43. In 2010, last year, in line with the “living” character of the Pacific Plan, Forum Leaders endorsed emerging issues that needed more targeted effort, two of which were directly linked to achieving the MDGs: safe drinking water and basic sanitation services; and increasing literacy and numeracy rates in selected Pacific island countries.

44. Also in 2010, Forum Leaders issued their Port Vila Declaration on Accelerating Progress on the Achievement of the MDGs. The commitment of this Declaration is to accelerate progress towards achieving the MDGs by localising the development goals, advocating for the special needs of the Pacific small island developing States and through better development coordination efforts. Leaders also called on the support of development partners and the international community to develop innovative programmes to expedite MDGs achievement, scale up aid, improve aid effectiveness, support for the strengthening of statistics, as well as supporting Pacific communities through the mainstreaming of the Mauritius Strategy of Implementation of the global programme for the sustainable development of small island developing States.

45. To give you some idea of how we are actually going about this work, I need to refer to the Development Compact launched by Forum Leaders at their meeting in Cairns, Australia, in 2009 in response to concerns that the region was generally off-track to achieve the MDGs despite high levels of development assistance. The Compact is also known as the Cairns Compact, and its key objective is to improve the coordination and use of all available development resources with the central aim of achieving real progress against the MDGs. The Compact focuses on:

• regular peer reviews and reporting of countries national development plans to strengthen planning and implementation processes;
• development partner reporting on the application of aid effectiveness good practices;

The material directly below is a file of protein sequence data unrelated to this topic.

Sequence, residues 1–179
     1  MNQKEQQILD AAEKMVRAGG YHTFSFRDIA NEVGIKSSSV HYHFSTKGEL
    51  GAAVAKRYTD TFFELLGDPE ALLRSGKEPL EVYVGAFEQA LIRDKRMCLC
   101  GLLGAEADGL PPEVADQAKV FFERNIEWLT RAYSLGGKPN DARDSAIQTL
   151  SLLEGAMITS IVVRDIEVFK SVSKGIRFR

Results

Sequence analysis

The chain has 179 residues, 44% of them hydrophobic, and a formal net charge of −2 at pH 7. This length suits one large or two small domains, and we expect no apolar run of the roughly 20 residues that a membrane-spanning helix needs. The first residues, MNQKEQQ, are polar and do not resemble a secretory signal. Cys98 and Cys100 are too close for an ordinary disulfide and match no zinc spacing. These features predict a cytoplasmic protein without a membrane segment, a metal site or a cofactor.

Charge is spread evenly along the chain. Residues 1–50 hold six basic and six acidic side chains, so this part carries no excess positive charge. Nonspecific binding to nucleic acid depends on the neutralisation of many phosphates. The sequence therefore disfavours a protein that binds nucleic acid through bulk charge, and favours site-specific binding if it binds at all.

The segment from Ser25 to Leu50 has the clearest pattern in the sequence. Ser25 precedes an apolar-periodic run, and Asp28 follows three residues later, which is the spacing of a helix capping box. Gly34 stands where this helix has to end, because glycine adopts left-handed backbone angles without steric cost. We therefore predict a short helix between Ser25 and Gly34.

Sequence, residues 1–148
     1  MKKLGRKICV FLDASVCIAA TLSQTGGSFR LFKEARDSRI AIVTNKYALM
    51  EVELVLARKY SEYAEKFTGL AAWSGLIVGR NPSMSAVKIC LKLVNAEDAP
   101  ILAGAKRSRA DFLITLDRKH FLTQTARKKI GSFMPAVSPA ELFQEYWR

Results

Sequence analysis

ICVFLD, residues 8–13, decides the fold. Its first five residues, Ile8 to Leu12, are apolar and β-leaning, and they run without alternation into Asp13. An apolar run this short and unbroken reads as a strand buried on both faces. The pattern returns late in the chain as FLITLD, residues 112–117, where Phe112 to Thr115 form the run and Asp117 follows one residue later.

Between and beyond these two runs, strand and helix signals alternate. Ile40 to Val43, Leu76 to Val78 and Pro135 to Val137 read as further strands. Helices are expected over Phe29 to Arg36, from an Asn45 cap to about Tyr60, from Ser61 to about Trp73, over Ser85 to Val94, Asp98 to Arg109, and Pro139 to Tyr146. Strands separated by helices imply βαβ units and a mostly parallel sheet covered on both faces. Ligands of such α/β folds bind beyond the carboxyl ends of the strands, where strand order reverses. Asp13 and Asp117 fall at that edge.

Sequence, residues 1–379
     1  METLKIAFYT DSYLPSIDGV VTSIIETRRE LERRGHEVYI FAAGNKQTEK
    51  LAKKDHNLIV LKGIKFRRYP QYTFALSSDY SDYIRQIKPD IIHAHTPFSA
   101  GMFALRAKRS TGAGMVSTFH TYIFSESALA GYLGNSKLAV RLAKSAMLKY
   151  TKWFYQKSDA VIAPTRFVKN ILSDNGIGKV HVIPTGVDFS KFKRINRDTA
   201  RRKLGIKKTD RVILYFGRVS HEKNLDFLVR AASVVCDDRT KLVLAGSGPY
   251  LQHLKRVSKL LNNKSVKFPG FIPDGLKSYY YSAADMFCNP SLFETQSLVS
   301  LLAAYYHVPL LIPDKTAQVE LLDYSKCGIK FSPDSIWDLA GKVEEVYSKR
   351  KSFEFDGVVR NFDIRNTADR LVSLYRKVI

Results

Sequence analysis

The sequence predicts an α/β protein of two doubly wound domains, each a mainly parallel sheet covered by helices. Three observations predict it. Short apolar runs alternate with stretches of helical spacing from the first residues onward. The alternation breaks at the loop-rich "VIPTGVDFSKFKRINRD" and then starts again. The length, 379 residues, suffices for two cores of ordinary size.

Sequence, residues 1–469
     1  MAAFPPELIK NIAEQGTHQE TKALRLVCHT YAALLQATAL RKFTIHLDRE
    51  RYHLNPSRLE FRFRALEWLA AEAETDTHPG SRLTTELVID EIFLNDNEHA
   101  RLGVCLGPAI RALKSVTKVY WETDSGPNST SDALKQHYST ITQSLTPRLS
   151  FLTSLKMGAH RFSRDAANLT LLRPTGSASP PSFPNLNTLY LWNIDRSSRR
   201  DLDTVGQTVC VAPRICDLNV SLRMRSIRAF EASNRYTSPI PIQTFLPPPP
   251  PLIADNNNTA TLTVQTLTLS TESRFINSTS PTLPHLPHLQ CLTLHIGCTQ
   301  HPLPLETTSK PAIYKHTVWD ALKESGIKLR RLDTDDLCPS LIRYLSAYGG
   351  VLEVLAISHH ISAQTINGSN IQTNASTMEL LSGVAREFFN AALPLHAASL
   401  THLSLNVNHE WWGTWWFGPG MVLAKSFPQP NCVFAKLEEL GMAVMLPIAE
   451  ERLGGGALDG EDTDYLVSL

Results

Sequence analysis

• strengthening public financial management systems;
• tracking the region’s progress on the MDGs;
• improving high level engagement with the private sector; and
• tracking the overall effectiveness of development efforts in the region.

As a result of the Compact, the Forum Secretariat is now producing annual reports to track the region’s progress on the MDGs. The report in 2011 will focus on the health-related MDGs.

Civil society
46. An accounting of the regional efforts towards achieving the MDGs cannot be complete without highlighting the critical importance of the work and role of civil society organisations and non-governmental organisations in supporting Pacific island countries. These organisations have been instrumental in areas such as poverty reduction, gender equality, and combating HIV and AIDS. The role and contribution of church organisations and local communities in particular areas such education is widespread throughout the region and critically essential.

47. And that point brings me to the crux of achieving the MDGs in the Pacific – it is work that can only be managed through effective partnerships and collaboration between Governments across the region, among communities, public and private sectors, with non-State and non-government actors, and among regional organizations. For this reason, we feel very pleased in being able to participate in this conference, and again I want to thank the United Nations Association of New Zealand for highlighting and promoting the MDGs, and in such a pertinent manner in promoting the aims and objectives of the United Nations.

48. As I close, I note that 2011 marks the 40th anniversary of the Pacific Islands Forum. It is, naturally, a time for reflection: on the journey of 4 decades and on the challenges encountered and overcome; on the challenges which linger, and those to come. For the moment, in the context of the MDGs, we have a target fix on the year 2015. We cannot lose sight of that and the need to re-assert commitment and to capitalize on the collective strengths of our region to achieve for all Pacific communities the Millennium Development Goals.

Thank you.